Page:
April 11, 2013
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A common test that records the heart's electrical activity could predict potentially serious cardiovascular illness, according to a UC San Francisco-led study.
Gregory Marcus, M.D.
A cardiac condition called left anterior fascicular block (LAFB), in which scarring occurs in a section of the left ventricle, may not be as benign as currently thought and could increase the likelihood of heart failure, sudden cardiac death or atrial fibrillation.
In a study published on April 17 in the Journal of the American Medical Association (JAMA), UCSF researchers and their colleagues at Wake Forest School of Medicine and the University of Washington, Seattle, analyzed data on 1,664 people over the age of 65 who were medically followed for 16 years.
The researchers selected those who had no evidence of cardiovascular disease from the National Institutes of Health-sponsored Cardiovascular Health Study. People with heart failure, high blood pressure or diabetes, or who had heart attacks, were excluded from the study sample.
"We then compared those with LAFB to those with a normal electrocardiogram (EKG)," said senior author Dr. Gregory Marcus, an electrophysiologist with the UCSF Division of Cardiology and an associate professor in residence with the UCSF School of Medicine. "We found that those who had LAFB indeed had a higher risk of atrial fibrillation, congestive heart failure and death."
After adjusting for other potential confounding variables, LAFB posed a 57 percent greater risk for sudden cardiac death, an 89 percent greater risk for atrial fibrillation and a 143 percent greater risk for heart failure.
LAFB is a blockage of one of the electrical branches that delivers electrical signals to a part of the left ventricle, one of two chambers in the heart. Small studies suggest it is associated with fibrosis or scarring of the left ventricle, but the clinical ramifications of this have not been previously studied. It is unknown how many people LAFD affects.
The top EKG shows a reading of a person with a healthy heart. The bottom
EKG shows a reading of a person with left anterior fascicular block (LAFB),
previously thought to be benign but found by a UCSF-led team to potentially
signal a serious heart condition.
"We now have come to realize that important cardiovascular diseases like atrial fibrillation, heart failure and maybe sudden cardiac death, are related to fibrosis of the left side of the heart," said Marcus, who sees cardiology patients at UCSF Medical Center. "So we sought to test the hypothesis that LAFB, even in those people who are otherwise healthy, might be a readily available marker that any doctor can see on an EKG, of a propensity to left-heart fibrosis. And it therefore might predict those at risk for atrial fibrillation, heart failure and death."
There currently is no treatment for people with LAFB. However, this new finding potentially could open up a new area of research in cardiology, according to Marcus.
"Currently there is a therapy for people with heart failure and a left bundle branch block using a special pacemaker called a biventricular pacemaker or cardiac resynchronization therapy," Marcus said. "So one question we have to explore is whether people with LAFB and heart failure, for example, might benefit from a specialized pacemaker."
Patients also can reduce their overall cardiovascular risk with lifestyle modifications, such as choosing a healthy diet, exercising regularly and eliminating tobacco products.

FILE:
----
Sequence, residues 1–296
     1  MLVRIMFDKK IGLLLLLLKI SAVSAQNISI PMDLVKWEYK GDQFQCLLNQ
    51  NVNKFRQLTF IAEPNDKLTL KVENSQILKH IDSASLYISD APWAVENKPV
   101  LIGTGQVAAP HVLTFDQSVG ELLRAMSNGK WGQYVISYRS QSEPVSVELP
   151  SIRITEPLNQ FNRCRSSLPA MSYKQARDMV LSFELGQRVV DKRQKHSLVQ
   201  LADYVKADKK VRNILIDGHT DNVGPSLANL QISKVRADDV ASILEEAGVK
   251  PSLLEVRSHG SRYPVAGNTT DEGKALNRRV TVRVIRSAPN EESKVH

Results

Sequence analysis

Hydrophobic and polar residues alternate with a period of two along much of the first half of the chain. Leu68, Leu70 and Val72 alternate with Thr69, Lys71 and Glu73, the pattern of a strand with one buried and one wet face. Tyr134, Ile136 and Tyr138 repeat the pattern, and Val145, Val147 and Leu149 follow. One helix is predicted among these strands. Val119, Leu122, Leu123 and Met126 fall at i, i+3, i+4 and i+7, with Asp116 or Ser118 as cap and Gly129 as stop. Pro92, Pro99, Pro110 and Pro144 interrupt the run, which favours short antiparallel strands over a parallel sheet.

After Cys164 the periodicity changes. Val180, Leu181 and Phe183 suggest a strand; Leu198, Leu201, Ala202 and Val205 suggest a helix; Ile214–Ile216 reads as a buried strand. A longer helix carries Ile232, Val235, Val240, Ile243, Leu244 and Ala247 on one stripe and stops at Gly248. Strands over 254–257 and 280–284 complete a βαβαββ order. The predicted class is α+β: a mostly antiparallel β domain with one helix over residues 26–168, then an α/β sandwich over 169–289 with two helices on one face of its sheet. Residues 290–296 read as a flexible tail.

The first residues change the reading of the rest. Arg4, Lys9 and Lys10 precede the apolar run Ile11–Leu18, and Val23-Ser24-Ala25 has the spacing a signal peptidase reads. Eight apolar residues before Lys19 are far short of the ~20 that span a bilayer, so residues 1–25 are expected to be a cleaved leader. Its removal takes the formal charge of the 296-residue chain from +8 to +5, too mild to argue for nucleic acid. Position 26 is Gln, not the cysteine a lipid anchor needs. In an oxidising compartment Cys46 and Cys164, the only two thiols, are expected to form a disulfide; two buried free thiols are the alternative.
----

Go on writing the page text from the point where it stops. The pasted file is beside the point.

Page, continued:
"This study may suggest that LAFB, even in the absence of known high blood pressure or diabetes, should be thought of as a cardiovascular risk factor," Marcus said. "Those patients with LAFB perhaps should be considered the same as someone with an established cardiovascular risk factors."
Co-authors include Mala Mandyam of the UCSF Division of Cardiology, Electrophysiology Section; Eric Vittinghoff, Ph.D., of the UCSF Department of Epidemiology and Biostatistics; Elsayed Z. Soliman, M.D., of the Wake Forest School of Medicine; and Susan R. Heckbert, M.D., Ph.D., of the University of Washington, Seattle.
This study was supported by the National Center for Research Resources, the National Center for Advancing Translational Sciences, and the Office of the Director, National Institutes of Health, through grant TL1 RR024129 to UCSF's Clinical and Translational Science Institute (CTSI). This research was also supported by contracts HHSN268201200036C, N01HC85239, N01HC55222, N01HC85079, N01HC85080, N01HC85081, N01HC85082, N01HC85083, N01HC85086, and grants HL080295 and HL068986 from the National Heart, Lung, and Blood Institute, with additional contributions from the National Institute of Neurological Disorders and Stroke. Additional support was provided by grant AG023629 from the National Institute on Aging and the Joseph Drown Foundation.
Researchers reported no conflicts of interest to disclose.
About UCSF Medical Center
UCSF Medical Center consistently ranks as one of the top 10 hospitals in the United States. Recognized for innovative treatments, advanced technology, collaboration among health care professionals and scientists, and a highly compassionate patient care team, UCSF Medical Center serves as the academic medical center of the University of California, San Francisco. The medical center's nationally preeminent programs include children's health, the brain and nervous system, organ transplantation, women's health and cancer. It operates as a self-supporting enterprise within UCSF and generates its own revenues to cover the operating costs of providing patient care.
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